On Today’s Show

Life is really simple but we insist on making it complicated– Confucius

In this episode of the Small Changes Big Shifts podcast, we are joined by board-certified psychiatrist, acupuncturist and yoga teacher, Dr. Ellen Vora who has also authored the chapter on Complementary and Alternative Medicine in Psychiatry in the textbook Mount Sinai Expert Guides: Psychiatry.

Dr. Vora takes a functional medicine approach to mental health, considering the whole person and addressing the problem at the root, rather than reflexively prescribing medication to suppress symptoms.

She also takes the whole person into consideration, focusing on everything from physical health, sleep, nutrition, digestion, thought patterns, relationships and community to our connection with nature and creativity, and the ways we find meaning in life.

Ash she sits down with Dr. Michelle, we learn what drew Dr. Vora to learn more about holistic approach and other trainings to heal the human body such as Chinese medicine, movement, nutrition, and acupuncture. 

Listen and discover: 

  • The fact that most commonly medications and antidepressants such as for anxiety, depression, and OCD don’t have great solid evidence that they actually work.
  • Her advice on trying out a couple of holistic approaches before taking prescribed medicine.
  • Our current mental health epidemic throughout the world with the number of cases increasing
  • The difference between an episodic depression and chronic depression
  • Why feeling out alignment with your work and daily life is actually a good call to action for you to change something.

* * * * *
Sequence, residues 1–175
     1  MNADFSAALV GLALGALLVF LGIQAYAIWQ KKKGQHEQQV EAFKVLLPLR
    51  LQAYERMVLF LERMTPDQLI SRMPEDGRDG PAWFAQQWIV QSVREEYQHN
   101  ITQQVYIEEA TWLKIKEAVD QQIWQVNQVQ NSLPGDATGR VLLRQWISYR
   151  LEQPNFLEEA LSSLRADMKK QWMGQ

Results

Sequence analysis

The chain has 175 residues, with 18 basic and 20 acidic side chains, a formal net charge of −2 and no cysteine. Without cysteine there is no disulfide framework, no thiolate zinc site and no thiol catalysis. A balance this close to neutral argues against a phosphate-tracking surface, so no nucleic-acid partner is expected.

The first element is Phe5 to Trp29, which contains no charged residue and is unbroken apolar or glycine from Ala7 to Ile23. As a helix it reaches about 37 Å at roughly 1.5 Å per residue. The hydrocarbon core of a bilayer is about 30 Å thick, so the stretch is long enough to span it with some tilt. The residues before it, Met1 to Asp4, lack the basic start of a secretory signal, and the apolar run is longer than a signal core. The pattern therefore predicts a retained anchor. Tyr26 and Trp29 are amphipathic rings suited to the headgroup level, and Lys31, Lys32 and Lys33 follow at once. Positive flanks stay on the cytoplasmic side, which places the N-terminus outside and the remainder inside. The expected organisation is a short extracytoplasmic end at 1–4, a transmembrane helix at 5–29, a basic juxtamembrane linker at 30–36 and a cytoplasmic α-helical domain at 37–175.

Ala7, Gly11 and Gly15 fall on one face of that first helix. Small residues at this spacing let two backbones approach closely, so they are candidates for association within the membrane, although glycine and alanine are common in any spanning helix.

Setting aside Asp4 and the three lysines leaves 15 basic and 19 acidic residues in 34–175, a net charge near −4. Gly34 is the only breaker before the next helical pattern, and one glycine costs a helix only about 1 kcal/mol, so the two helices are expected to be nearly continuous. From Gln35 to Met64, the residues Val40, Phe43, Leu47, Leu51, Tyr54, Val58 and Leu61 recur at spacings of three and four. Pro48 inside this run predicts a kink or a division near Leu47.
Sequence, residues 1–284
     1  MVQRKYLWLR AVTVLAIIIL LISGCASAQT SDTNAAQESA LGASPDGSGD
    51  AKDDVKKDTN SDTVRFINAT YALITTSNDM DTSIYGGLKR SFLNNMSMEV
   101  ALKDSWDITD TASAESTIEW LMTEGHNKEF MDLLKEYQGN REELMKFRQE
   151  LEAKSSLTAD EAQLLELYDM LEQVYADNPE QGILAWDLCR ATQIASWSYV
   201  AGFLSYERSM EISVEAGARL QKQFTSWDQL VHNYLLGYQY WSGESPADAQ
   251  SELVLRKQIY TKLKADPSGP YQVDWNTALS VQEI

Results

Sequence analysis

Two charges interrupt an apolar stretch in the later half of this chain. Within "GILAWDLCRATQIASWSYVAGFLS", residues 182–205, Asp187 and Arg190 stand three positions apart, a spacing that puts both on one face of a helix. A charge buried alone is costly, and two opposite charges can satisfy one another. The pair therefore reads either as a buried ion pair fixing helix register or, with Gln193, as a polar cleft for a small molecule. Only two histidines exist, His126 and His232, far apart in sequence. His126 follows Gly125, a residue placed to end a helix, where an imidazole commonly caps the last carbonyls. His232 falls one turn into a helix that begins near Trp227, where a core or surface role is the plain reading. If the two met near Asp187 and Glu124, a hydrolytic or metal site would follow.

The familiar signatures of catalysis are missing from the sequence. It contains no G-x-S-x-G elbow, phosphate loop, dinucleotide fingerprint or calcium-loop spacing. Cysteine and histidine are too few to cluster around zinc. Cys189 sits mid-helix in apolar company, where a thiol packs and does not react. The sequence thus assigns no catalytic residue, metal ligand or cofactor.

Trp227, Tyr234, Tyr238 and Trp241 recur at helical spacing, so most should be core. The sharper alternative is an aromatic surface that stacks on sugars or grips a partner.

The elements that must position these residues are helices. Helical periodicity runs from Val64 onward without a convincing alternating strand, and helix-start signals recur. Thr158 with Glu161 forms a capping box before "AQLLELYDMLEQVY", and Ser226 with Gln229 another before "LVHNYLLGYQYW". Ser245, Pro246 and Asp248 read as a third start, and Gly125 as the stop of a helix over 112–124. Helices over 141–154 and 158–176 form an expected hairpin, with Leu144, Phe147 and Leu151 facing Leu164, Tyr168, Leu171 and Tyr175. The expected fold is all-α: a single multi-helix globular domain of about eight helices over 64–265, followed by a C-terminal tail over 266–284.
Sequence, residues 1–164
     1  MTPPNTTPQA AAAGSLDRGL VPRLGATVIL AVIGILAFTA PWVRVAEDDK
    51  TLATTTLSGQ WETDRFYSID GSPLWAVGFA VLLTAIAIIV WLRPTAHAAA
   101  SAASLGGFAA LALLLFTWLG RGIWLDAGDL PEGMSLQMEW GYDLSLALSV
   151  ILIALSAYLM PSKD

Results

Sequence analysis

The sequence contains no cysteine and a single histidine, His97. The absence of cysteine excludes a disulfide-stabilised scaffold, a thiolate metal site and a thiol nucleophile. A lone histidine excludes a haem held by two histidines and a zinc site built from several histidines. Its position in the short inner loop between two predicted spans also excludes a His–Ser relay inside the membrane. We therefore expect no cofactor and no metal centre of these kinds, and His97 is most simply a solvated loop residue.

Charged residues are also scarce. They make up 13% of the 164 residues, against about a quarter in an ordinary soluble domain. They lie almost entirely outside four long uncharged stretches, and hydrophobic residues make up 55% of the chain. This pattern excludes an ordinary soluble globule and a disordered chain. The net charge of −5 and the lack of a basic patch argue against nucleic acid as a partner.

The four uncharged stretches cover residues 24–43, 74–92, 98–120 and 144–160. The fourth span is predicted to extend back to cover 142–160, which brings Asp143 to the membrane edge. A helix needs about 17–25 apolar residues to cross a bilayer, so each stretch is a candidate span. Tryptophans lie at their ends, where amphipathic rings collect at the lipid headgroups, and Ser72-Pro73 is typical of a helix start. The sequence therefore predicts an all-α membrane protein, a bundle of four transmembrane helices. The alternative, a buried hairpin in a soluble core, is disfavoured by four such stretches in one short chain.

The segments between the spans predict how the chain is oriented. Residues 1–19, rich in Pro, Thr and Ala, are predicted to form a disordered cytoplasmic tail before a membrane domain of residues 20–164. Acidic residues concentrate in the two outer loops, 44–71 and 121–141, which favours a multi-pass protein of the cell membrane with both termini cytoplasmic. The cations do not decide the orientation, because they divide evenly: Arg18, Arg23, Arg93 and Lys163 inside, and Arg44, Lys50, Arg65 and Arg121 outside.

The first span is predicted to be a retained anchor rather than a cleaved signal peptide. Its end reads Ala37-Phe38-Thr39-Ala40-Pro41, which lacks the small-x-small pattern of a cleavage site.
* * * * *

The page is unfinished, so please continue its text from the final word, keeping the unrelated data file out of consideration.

• The vital importance of building a community in a comfortable environment with lower standards and avoiding isolation.

Specifically for expecting and young mothers, Dr. Vora explains:

  • How to get your body ready for and after a baby with a good diet or nutritious, whole foods.
  • Combating postpartum depression by focusing first on nutrition.
  • Her top parenting tip: None of us is perfect, just show up the best you can for them as an authentic human. 

In fact, it’s not an exaggeration to say that the history of science has been the history of most people being wrong about most things most of the time. The willingness to challenge even our most deeply-held assumptions and the humility to admit when we’ve been wrong are essential to good science. – Chris Kresser

Tune in and find out what small changes you can make today for big shifts tomorrow with your wellbeing, community, and family.

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